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 Under the Fourth Amendment to the United States Constitution, a police officer who is conducting a search and seizure cannot enter a home without a search warrant.

However, there are exceptions and a very important one is the “hot pursuit doctrine.”

Put in its simplest terms, hot pursuit is when there are emergency or “exigent” circumstances and allows the police to enter a dwelling without a warrant to arrest a suspect who has fled there from a public place to avoid arrest.

It must be shown that the chase was contemporaneous with or near in time to the suspect being in the public place, there was an emergency requiring immediate police action, and that the suspect committed a felony.

A very famous example of hot pursuit is the 1994 televised police chase of O.J. Simpson.

This doctrine was first announced by the United States Supreme Court in 1967.

Since then the question has been raised as to whether the doctrine applies to suspects who have committed misdemeanors?

In Michigan the answer is no, but five states, Massachusetts, Ohio, Illinois, North Dakota and New Hampshire, do recognize it.

On Feb. 24, the Supreme Court heard oral arguments in Lange v California.

In Lange, the defendant was driving his vehicle and was followed to his house by a police officer because he believed the defendant was violating a misdemeanor noise statute.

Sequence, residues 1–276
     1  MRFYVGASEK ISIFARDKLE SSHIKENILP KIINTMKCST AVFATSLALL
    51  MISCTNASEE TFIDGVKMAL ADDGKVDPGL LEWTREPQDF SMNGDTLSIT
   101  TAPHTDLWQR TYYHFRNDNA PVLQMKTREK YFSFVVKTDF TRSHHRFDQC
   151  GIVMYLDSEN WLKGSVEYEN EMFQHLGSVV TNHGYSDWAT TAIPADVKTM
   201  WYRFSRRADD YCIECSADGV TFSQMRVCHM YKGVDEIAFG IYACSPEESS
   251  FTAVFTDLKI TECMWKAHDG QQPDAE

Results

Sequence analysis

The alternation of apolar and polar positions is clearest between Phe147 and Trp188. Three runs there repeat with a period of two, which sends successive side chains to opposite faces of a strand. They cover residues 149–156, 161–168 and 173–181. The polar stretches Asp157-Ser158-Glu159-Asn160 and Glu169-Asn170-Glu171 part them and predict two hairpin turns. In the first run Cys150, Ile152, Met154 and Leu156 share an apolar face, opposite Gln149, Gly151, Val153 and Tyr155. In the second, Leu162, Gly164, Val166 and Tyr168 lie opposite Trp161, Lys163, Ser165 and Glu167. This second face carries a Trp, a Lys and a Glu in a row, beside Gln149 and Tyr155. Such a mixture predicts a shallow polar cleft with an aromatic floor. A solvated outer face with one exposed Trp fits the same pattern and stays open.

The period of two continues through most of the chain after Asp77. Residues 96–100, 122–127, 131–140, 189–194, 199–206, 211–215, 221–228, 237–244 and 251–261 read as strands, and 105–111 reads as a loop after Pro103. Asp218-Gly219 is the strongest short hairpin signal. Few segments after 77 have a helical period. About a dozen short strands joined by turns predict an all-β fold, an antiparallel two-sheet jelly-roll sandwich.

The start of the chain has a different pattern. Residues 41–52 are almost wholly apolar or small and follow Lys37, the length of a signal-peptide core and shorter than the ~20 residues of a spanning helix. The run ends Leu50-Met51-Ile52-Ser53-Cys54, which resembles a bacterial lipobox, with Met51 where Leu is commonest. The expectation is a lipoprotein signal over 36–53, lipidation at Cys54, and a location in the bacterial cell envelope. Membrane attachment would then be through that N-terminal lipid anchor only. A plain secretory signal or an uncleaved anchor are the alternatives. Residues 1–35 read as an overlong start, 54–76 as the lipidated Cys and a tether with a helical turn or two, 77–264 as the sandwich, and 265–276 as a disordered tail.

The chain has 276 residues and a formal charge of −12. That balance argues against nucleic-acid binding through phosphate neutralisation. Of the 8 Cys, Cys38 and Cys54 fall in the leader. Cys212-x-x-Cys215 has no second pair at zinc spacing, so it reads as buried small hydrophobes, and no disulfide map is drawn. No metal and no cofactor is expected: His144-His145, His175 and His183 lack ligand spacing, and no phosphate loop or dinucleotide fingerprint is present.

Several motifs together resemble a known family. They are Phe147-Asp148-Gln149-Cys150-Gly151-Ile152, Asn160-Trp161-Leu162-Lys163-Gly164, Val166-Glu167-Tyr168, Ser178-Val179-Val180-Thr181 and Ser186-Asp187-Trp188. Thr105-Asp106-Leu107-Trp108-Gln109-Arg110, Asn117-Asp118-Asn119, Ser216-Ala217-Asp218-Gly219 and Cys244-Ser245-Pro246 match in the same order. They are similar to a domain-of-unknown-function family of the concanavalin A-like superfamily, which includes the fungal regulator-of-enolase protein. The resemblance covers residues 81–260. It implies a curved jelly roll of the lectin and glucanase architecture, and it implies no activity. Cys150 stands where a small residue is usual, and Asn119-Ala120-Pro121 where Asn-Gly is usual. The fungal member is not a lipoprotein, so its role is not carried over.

When Lange opened his garage door and drove his car inside the officer followed him in, smelled alcohol on his breath, and arrested him for drunk driving and violating the statute. He subsequently pleaded no contest to drunk driving and appealed claiming the officer’s entry into the garage violated the Fourth Amendment.

Lange presents the question of whether the hot pursuit doctrine should now be a general rule for all misdemeanors.

There isn’t an easy answer and the justices were concerned about issues such as how to differentiate between felonies and misdemeanors; determining whether a misdemeanor is violent or nonviolent; and individual states having different definitions for misdemeanors.

Because of its significance, this case will be closely watched by the legal and law enforcement communities.

A decision is expected this summer and when it is announced, I will make a full report.

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